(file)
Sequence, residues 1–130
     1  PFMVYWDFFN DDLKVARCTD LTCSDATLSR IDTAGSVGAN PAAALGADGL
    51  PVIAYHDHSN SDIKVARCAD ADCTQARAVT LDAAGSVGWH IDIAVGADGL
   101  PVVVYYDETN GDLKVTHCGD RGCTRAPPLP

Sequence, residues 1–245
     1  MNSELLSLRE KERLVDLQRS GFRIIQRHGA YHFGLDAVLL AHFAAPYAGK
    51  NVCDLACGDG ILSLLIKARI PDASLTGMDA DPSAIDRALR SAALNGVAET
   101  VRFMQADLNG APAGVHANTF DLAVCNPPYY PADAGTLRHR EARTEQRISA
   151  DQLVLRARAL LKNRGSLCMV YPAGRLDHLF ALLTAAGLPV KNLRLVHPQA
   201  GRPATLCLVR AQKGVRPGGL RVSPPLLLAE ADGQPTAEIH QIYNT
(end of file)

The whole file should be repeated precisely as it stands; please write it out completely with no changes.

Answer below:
Sequence, residues 1–130
     1  PFMVYWDFFN DDLKVARCTD LTCSDATLSR IDTAGSVGAN PAAALGADGL
    51  PVIAYHDHSN SDIKVARCAD ADCTQARAVT LDAAGSVGWH IDIAVGADGL
   101  PVVVYYDETN GDLKVTHCGD RGCTRAPPLP

Sequence, residues 1–245
     1  MNSELLSLRE KERLVDLQRS GFRIIQRHGA YHFGLDAVLL AHFAAPYAGK
    51  NVCDLACGDG ILSLLIKARI PDASLTGMDA DPSAIDRALR SAALNGVAET
   101  VRFMQADLNG APAGVHANTF DLAVCNPPYY PADAGTLRHR EARTEQRISA
   151  DQLVLRARAL LKNRGSLCMV YPAGRLDHLF ALLTAAGLPV KNLRLVHPQA
   201  GRPATLCLVR AQKGVRPGGL RVSPPLLLAE ADGQPTAEIH QIYNT